Discussions on human–wildlife conflict in India typically take place within a narrow frame, viewing the problem as a result of human “encroachment” into wildlife territories, and hence, one that primarily needs to be addressed by “compensating,” relocating or “protecting” local communities. Most research focuses on protected areas and severely underestimates the scale of the problem. This study, based on field surveys in Tamil Nadu and Uttarakhand, throws up a different picture, where conflict is a major problem, but one to which structures and practices of forest management in the country are a central contributor. It also points to how more democratic and rights-respecting approaches to forest management must be an essential part of any solution.

Inhabiting or Interrogating Faith

Against the growing literature on Muslim piety movements, this paper analyses the practices of faith among a young generation of educated middle-class Muslim women in Mumbai in the context of a liberalising economy, which offers them greater employment opportunities and draws them out of the ghettos to work and interact with people of different social and religious backgrounds. The paper shows that these women question and reason with their faith, while the earlier generation abides by a quieter piety. The findings are grounded in Mumbai’s specific history in which the riots of 1992–93 were a defining moment for Muslims. While focusing on everyday religiosity, it also connects with a larger canvas by arguing that piety movements, though located in society, are not unattached from the ways in which states may constitute secularity or define religious freedoms.

Women and Religiosity

The everyday life of the congregations of slave castes involved the active support of women, right from the mid-19th century when Dalit communities began to accept Christianity. Prayers in the family and in congregations were occasions in which women were substantially involved, wherein hymns/songs became powerful articulations of the critique of caste slavery and prayer was used as an effective tool to resist instances of caste oppression. However, relatively blurred gender hierarchies in the pre-Christian phase among the slave castes were transformed by the conscious intervention of the missionaries in favour of the secure family structure with an assertive male head.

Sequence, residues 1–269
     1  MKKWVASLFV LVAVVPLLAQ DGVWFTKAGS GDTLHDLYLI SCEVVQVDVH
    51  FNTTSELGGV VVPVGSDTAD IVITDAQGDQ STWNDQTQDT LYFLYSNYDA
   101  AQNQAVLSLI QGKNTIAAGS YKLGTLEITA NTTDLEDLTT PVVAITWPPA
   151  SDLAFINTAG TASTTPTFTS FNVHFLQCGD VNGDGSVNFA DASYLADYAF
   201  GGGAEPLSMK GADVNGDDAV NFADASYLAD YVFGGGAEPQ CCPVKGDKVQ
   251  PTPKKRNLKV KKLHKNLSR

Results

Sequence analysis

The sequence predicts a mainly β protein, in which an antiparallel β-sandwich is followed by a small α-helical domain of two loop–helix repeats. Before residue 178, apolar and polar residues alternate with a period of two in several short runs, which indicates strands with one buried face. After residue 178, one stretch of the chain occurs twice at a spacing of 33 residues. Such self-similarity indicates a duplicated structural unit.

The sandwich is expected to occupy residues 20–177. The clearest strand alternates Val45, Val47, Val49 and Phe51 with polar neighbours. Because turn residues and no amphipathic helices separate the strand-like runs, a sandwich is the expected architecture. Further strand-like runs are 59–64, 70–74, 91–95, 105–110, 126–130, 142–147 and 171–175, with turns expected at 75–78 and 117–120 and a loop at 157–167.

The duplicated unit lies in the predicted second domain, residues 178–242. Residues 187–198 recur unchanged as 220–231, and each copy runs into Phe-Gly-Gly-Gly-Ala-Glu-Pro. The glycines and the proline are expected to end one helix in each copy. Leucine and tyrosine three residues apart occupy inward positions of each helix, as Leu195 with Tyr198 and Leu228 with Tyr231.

Inter-caste Marriage and Shakta Myths of Karnataka

The annual jatras or fairs conducted for certain female deities like Maramma and Dyamavva in Karnataka include the ritual of buffalo sacrifice. There is an accompanying myth that explains this sacrifice as symbolising the punishment meted out to a Dalit boy who had married an upper-caste girl by concealing his caste identity. Karnataka is one of the states where love marriages provoke honour killings, where the Sangh Parivar—as part of its “love jihad” campaign—attacks inter-religious couples, and beats up meat-eaters. Do these jatra practices, rooted in ancient memories, still serve the purpose of protecting the sanctity of caste?In what way have new developments changed the traditional meanings associated with the mythand the practice?

Women and Customary Spiritual Authority

The Khonds of South India, categorised as a particularly vulnerable tribal group, uphold a unique religious institution called the pejjenis, where women are conferred the spiritual authority to perform critical religious and social ceremonies related to human and nature cycles, appeasement of the gods and spirits during calamities and conflict and conducting spiritual dialogue with the other worlds. This paper explores the spaces of egalitarianism among them and finds out what opportunities for gendered negotiations and authority for women within the sphere of the religions are nurtured within an overarching framework of patriarchy.

Sexuality in Iran

What can a study of transsexuality in Iran contribute to its broader global understanding? Some disaffiliation, if not actual animosity, is often assumed between science and religion, sometimes placed in relation to larger concepts such as “modernity” and “tradition.” But, developments in Iran over the past three decades reveal the coming together of science and religion; these have generated possibilities for living alternatively gendered and sexual lives. The implications of some of these developments are explored.